Fight off disease by making this one change to your nighttime routine
"A deep understanding of how the clock controls the immune system, in cells or in organisms, didn’t exist."
Circadian rhythm — the body's 'clock' — governs our sleep-wake cycle. Whether you are a morning person’ or a ‘night owl’ is a behavioral consequence of how your genes affect your 'body clock.' When this clock is out of time, so to speak, the effects are obvious: jet lag is the manifestation of a disrupted circadian rhythm, for example.
But the circadian rhythm, a 24-hour biological process which aligns our bodies with Earth’s rotation, also controls metabolism, body temperature, hormones, and the immune system. Various health conditions and diseases, in turn, display a “circadian component,” and, in some cases, may be a direct consequence of faulty circadian clocks.
In a study released Tuesday in the journal Genome Research, scientists report the circadian rhythm influences our ability to fight off diseases to a greater degree than previously realized. The research represents a new understanding of an ancient process — and offers a salient reminder that good "sleep hygiene" is critical to health far beyond feeling well-rested.
Why it matters — Ultimately, the research suggests accurately tracking circadian rhythms is key to understanding how the body protects against diseases. By changing your approach to sleep, you may be able to dramatically change the course of your health.
Lead author Jennifer Hurley is an assistant professor at Rensselaer Polytechnic Institute. Her research focuses on the fundamental mechanisms underlying circadian rhythms, and how they affect human health. She tells Inverse that scientists already knew chronic disruptions to the circadian clock over a lifespan can lead to increased risk of certain diseases, ranging from cancer to heart disease. What wasn’t known, however, is how this disruption leads to an increased risk.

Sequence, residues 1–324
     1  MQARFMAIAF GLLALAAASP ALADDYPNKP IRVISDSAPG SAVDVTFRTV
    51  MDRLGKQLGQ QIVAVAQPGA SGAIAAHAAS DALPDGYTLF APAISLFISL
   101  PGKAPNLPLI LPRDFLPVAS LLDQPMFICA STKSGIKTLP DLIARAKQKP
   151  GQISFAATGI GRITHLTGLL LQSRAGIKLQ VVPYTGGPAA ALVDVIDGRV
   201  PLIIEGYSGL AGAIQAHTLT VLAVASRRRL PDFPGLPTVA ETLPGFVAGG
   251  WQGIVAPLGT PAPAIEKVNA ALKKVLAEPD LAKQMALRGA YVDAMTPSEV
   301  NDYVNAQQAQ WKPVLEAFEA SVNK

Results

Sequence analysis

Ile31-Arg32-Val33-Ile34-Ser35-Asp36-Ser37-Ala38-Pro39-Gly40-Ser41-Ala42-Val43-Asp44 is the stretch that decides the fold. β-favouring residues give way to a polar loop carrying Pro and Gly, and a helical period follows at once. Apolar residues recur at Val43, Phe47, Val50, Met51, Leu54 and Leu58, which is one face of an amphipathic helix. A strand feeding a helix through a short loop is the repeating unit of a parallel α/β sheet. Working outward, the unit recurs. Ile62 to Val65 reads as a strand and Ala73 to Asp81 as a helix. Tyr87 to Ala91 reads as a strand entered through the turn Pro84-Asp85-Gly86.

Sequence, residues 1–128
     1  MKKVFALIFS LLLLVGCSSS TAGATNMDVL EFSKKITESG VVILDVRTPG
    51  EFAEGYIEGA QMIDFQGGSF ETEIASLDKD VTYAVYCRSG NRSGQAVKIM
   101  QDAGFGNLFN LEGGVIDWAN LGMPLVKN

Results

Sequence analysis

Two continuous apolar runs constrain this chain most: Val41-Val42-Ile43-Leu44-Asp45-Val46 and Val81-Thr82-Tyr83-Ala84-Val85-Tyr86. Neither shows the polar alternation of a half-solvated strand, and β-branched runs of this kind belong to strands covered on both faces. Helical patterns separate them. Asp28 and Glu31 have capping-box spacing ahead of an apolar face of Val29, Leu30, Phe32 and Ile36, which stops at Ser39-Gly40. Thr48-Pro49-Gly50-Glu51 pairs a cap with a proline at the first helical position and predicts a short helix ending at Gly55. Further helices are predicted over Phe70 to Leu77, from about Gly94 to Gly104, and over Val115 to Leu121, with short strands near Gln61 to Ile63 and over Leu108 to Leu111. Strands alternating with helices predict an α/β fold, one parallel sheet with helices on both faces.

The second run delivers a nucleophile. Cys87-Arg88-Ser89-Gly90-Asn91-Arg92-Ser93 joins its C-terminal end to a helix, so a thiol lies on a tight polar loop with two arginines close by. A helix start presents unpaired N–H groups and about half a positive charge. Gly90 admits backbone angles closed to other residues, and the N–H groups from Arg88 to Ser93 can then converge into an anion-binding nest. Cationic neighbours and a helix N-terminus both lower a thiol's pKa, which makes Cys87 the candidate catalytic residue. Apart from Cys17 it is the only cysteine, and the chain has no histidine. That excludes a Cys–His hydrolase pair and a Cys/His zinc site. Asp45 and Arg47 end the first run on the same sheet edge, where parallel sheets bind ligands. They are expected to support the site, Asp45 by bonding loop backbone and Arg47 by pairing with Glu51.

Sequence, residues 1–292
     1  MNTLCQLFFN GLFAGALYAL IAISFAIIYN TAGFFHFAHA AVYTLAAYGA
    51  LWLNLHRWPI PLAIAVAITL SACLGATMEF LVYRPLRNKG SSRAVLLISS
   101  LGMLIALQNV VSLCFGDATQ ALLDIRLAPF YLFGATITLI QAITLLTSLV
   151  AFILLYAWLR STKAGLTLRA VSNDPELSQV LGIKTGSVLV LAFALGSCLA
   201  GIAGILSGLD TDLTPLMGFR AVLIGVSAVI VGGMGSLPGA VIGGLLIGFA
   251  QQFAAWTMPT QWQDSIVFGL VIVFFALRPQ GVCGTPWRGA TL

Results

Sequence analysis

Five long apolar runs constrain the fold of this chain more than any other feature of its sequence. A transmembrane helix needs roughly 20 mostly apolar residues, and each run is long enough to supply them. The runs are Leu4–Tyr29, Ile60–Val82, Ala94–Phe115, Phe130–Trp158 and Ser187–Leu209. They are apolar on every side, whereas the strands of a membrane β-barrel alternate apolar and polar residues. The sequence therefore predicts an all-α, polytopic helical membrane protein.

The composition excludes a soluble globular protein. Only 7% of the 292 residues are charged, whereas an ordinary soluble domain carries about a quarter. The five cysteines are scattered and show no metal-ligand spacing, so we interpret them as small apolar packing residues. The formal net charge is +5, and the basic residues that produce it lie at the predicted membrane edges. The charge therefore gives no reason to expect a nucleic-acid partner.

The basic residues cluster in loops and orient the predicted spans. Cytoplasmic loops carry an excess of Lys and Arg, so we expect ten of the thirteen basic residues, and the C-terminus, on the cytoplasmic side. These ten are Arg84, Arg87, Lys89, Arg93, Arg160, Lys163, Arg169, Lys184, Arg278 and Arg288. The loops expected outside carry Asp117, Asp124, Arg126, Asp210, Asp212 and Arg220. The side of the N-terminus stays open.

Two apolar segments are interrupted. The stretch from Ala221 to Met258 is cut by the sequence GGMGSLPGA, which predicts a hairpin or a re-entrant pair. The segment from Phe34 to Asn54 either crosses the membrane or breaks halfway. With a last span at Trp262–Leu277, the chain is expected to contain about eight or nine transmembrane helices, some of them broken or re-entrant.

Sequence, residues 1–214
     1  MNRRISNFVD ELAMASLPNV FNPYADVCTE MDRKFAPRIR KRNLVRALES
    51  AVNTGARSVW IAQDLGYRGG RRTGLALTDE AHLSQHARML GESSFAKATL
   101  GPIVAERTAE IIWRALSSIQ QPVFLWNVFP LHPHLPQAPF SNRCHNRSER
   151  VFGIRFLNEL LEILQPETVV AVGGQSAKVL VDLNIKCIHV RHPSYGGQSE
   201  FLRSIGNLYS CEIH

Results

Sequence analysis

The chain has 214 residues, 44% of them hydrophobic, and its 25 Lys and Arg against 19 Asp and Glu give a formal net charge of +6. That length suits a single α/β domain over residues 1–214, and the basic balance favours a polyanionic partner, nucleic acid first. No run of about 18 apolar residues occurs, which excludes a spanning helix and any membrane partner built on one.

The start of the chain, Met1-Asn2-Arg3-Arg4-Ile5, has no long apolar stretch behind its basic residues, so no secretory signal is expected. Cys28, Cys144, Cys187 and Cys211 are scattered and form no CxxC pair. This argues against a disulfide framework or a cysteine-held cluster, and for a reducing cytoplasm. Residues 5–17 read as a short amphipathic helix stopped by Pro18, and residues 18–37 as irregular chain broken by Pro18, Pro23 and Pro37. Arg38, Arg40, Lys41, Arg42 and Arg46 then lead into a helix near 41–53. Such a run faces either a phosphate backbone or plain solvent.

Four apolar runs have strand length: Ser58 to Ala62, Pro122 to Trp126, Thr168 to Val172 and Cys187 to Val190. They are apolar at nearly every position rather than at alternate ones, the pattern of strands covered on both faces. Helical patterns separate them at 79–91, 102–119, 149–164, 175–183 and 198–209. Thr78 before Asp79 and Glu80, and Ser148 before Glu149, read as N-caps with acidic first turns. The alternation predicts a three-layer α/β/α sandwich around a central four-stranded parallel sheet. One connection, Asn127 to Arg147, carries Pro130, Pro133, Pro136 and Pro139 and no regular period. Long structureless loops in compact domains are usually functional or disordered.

“We had observed that all of the diseases that were associated with chronic circadian disruption were also linked to inflammation, which is a product of the immune system,” Hurley explains.
“However, a deep understanding of how the clock controls the immune system, in cells or in organisms, didn’t exist. This study aimed to help fill that gap in knowledge.”
What is the circadian rhythm?
Every cell in the body has its own biological clock. These tiny timers are coordinated by a central clock in the brain called the suprachiasmatic nucleus, or SCN. It controls and synchronizes the circadian rhythm while keeping everything in time with the Earth’s rotation. Circadian rhythms are found in almost every terrestrial organism — even plants are prompted by a circadian rhythm to open their leaves during the day and close them at night.
Circadian rhythms have a hand in many of the processes underlying immunity, and chronic circadian disruption is linked to an increased risk for metabolic, cardiovascular, and neurodegenerative diseases. These health issues all share underlying inflammatory components — which is why there’s a hypothesis that dysregulation of immunity, which can manifest as chronic inflammation, for example, may be the link between disease and circadian rhythm.
Dr. Jennifer Hurley explains her circadian rhythm research.
The so-called “cogs” of biological clocks are genes and proteins, while macrophages — white blood cells of the immune system that detect and destroy harmful, invasive organisms like bacteria — play a vital role in the “intuition, sustainment, and resolution of both acute and chronic inflammation,” according to the study. The authors reason macrophages may wield an outsize influence on the functioning of circadian clocks, as they live for months at a time in the bloodstream.
Macrophages, Hurley and her team discovered, time changes in their responses to both pathogens and stress via the circadian control of metabolism. But the precise nature of their timing was wholly unexpected, Hurley says.